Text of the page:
So how is this scenario likely to play out? Justin Bean is Sustainability Strategy and Innovation Lead at Hitachi’s Environmental Business Division and author of ‘What Could Go Right: Designing our ideal future to emerge from continual crises into a thriving world’. In his view, while social instability is a “real risk”, it is not a foregone conclusion:
My view is that we’re in transition and we’re already seeing conflict arising from that transition. There are three bell curves here in my view – the first is the status quo and the old world, which is declining. The third is the future that we’re envisioning and building, and that’s growing. The second is in the middle and that’s about innovation and the new solutions we’re testing and trying - and as it peaks, conflict peaks too. Livelihoods, vested interests and fortunes are all locked up in the status quo and so there’s always the potential for conflict as the old world falls away.
Bean draws parallels with the first Industrial Revolution, a time when people shifted from agrarian society to living and working in towns and factories. While technology and innovation created more “abundance” over the longer-term, he says, there was undoubted conflict during the difficult transition phase:
As automation takes over, we’ll see similar things happening. Machines replaced a lot of the manual work, which required physical strength and was often dangerous, and automation will take over some of the work currently done by our minds. It’ll be the stuff we’re not good at, such as sorting through large amounts of data. It’ll destroy some jobs but will create others, particularly in service-based areas, such as coaching and teaching. Will it create more inequality? Yes. Inequality rises with any boom. But ‘a rising tide lifts all boats’, and even the poorest of societies today are richer than they were 150 years ago.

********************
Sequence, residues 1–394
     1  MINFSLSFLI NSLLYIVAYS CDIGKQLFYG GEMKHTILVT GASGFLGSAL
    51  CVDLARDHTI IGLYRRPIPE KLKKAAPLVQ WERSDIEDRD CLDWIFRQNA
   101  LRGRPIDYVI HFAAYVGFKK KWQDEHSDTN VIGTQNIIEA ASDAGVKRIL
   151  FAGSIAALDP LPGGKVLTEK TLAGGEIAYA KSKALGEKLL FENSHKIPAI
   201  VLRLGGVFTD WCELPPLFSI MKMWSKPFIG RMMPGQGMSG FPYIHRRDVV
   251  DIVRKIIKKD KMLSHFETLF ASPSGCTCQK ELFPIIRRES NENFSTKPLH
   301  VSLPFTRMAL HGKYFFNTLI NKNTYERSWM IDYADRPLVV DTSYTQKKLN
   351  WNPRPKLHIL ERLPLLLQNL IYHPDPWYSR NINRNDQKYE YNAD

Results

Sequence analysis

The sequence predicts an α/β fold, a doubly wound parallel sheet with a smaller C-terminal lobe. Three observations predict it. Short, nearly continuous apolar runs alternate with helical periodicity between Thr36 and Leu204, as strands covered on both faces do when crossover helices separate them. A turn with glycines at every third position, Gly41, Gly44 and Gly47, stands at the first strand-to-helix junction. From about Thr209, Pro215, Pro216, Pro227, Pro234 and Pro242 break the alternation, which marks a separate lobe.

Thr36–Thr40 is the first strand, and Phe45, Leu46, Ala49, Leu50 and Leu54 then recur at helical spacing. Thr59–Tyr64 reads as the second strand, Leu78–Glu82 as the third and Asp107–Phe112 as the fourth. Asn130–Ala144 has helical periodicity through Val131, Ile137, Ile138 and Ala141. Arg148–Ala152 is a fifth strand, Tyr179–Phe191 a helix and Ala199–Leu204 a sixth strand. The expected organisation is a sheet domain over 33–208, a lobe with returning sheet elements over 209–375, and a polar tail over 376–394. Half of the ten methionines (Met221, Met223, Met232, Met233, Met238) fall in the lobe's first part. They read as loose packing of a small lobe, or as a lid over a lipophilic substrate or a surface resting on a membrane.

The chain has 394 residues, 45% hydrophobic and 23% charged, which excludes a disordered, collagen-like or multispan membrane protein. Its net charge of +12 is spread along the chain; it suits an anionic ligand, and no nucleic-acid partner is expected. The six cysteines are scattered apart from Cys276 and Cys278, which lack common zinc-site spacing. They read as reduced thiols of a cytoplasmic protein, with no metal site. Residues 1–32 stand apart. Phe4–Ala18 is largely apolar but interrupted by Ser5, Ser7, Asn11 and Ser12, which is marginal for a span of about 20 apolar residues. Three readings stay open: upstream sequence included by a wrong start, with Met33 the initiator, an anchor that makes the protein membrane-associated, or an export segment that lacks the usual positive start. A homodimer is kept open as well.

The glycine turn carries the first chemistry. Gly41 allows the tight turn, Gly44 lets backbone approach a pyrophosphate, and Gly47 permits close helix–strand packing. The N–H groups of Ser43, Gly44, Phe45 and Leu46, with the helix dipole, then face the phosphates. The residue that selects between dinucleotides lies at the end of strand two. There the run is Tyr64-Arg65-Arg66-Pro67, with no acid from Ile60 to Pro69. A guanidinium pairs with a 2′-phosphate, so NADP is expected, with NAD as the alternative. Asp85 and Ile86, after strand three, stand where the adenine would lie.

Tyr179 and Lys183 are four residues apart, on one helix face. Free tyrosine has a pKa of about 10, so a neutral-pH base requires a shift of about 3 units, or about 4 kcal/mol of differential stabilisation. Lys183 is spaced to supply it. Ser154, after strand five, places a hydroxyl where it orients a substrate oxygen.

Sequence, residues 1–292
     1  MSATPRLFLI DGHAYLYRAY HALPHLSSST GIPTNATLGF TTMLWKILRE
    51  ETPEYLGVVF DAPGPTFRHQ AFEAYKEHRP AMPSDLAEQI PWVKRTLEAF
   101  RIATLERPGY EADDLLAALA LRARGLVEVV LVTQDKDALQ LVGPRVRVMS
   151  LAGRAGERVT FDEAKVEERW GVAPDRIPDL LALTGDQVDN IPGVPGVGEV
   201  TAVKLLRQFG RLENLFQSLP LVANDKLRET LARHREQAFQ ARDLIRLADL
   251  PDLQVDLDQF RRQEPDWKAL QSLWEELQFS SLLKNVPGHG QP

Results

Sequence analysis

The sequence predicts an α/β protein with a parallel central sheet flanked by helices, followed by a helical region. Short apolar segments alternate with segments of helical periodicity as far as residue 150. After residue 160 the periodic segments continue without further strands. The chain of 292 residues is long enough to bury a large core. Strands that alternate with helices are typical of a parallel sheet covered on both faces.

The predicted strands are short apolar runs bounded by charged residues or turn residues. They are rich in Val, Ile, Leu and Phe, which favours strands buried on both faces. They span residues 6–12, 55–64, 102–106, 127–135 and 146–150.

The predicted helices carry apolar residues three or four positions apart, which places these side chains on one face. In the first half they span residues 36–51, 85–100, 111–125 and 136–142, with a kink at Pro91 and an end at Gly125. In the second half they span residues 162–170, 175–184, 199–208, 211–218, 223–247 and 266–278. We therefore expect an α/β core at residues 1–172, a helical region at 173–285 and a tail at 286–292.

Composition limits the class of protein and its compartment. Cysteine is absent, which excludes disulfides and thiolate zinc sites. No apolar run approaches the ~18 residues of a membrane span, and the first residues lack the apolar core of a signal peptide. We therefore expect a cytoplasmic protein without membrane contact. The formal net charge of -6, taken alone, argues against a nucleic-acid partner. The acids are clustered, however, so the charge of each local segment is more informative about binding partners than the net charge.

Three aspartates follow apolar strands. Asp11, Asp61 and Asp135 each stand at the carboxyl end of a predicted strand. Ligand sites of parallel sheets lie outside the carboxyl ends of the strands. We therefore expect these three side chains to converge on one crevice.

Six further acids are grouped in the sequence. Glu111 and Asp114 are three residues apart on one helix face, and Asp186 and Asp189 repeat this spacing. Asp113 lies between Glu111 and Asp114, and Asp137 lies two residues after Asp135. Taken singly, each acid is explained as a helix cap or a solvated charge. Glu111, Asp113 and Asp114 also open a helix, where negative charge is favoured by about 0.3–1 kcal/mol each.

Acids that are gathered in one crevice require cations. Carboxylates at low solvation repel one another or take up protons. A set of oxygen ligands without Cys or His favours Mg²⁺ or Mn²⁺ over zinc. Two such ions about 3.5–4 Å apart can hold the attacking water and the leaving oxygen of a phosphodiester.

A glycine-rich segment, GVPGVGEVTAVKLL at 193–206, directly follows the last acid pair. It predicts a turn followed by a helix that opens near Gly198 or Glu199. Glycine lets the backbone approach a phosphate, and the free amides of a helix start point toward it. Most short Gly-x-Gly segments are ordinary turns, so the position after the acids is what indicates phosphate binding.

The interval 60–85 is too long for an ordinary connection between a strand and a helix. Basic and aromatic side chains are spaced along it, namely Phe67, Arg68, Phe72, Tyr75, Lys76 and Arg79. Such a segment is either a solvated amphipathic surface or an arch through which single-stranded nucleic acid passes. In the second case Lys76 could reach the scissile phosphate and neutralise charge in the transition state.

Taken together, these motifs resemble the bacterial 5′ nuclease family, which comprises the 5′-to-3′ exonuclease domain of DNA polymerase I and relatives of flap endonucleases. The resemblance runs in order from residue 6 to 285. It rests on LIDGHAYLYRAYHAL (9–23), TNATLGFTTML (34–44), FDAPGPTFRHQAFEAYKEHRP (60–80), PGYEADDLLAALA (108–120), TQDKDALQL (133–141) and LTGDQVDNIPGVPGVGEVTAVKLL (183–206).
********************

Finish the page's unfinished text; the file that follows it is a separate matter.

Bean believes that the current transition is already generating social conflict as evidenced by the rise of populism and the growing attraction of authoritarian leaders. He explains:
People feel like they’re losing the stability and predictability of the past, which isn’t something you can overlook. So from a government standpoint, it’s important to work out how best to support people through the transition, which is where things like the debate on universal basic income comes in. If you’re talking about creating a sustainable world, all the wealth can’t belong to the top 10% of the population or it’ll lead to social upheaval.
The future is in our hands
Applied Futurist Tom Cheesewright agrees that whether a short-term widening of the income gap morphs into longer-term, entrenched inequality or not is likely to be decided by political responses based on “how the economy is structured to take account of the technologies available” going forward.